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GTAP Resource #4389

"The Rise of Developing Countries and the Future of Global Saving and Investment"
by Bussolo, Maurizio, Jamus Lim and Maryla Maliszewska

The global economy is in the midst of sweeping changes, all of which will continue to play out over the coming decades. Between 1970 and 2000, high-income countries commanded a steady four-fifths of global output, saving, and investment. By 2010, they accounted for about half, and this share is set to further erode into the future, especially if developing countries continue to grow at twice the rate as the nations of the developed world. The developing world--which used to be regarded as in desperate need of saving to finance their capital formation--is now seen as the source of excess saving, inducing a global saving glut.

These changes in economic activity have occurred, and will continue to evolve, alongside shifts in the fundamental structure of the worlds economies, especially in the developing world. Asynchronicities in the timing, pace, and magnitude of countries demographic transitions means that certain regions of the world will experience significant growth in their working-age populations, while others will see substantial contractions. And if other structural and institutional factors--such as the level of financial development and the quality of political-economic institutions--continue to follow the trends that have developed in the recent past, their evolution will further accelerate convergence between the global North and South.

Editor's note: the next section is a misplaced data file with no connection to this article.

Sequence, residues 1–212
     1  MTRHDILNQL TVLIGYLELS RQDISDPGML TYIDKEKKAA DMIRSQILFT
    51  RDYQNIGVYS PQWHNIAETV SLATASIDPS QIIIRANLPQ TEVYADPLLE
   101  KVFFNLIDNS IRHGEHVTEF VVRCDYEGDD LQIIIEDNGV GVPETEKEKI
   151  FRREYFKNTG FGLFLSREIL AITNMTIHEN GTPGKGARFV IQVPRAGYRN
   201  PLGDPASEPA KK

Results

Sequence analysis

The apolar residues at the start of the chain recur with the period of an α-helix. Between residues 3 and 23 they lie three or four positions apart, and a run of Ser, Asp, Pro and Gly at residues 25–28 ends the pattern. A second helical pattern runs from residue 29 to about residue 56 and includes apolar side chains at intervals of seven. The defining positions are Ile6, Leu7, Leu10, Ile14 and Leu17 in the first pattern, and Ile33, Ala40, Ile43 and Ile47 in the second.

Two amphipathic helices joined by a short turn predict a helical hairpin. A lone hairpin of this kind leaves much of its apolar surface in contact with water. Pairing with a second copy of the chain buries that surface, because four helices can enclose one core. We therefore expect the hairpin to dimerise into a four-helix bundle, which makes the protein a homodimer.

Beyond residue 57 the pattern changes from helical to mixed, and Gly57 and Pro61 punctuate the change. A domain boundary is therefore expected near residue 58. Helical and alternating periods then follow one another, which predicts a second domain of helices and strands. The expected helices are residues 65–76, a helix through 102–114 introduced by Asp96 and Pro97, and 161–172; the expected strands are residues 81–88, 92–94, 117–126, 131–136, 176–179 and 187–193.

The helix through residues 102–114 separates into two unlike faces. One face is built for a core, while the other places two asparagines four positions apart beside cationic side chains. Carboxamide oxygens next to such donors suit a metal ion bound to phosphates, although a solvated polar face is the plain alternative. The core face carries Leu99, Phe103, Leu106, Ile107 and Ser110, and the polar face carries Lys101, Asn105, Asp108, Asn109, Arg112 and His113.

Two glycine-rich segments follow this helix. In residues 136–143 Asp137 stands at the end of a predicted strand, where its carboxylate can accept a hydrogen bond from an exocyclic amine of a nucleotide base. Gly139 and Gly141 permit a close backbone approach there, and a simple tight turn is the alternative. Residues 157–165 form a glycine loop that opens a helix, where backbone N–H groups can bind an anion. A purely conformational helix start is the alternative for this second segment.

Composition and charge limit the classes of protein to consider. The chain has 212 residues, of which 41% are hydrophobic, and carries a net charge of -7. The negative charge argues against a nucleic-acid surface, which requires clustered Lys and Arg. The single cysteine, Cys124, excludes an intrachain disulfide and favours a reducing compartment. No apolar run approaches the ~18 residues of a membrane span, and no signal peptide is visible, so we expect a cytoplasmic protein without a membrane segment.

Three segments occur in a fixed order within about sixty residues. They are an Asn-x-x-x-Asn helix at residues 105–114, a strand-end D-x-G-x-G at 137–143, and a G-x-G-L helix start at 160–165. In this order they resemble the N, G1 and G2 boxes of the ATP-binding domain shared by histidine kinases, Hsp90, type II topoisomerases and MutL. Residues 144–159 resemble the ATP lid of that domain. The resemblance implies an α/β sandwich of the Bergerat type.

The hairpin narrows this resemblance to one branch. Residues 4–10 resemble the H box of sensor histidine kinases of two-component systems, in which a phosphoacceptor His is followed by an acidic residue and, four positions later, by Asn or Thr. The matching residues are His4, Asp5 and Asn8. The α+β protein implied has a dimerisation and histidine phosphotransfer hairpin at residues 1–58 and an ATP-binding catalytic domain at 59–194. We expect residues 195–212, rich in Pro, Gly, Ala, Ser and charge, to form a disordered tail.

Abstracting from short term fluctuations and focusing on the long term--defined here as ten to twenty years into the future--what will these impending changes mean for global saving and investment? More specifically, will the world---r perhaps some individual countries--need more or less capital than what will be available from savers? And, finally, what will the consequences be for long-term interest rates?

One plausible answer to this set of questions, articulated in Dobbs et al. (2010), is that impending demographic changes in high-income and East Asian countries--in the form of population aging--will entai...

Resource Details (Export Citation) GTAP Keywords
Category: 2014 Conference Paper
Status: Published
By/In: Presented at the 17th Annual Conference on Global Economic Analysis, Dakar, Senegal
Date: 2014
Created: Bussolo, M. (4/10/2014)
Updated: Bussolo, M. (4/10/2014)
Visits: 1,313
- Calibration and parameter estimation
- Dynamic modeling
- Economic development
- Economic growth

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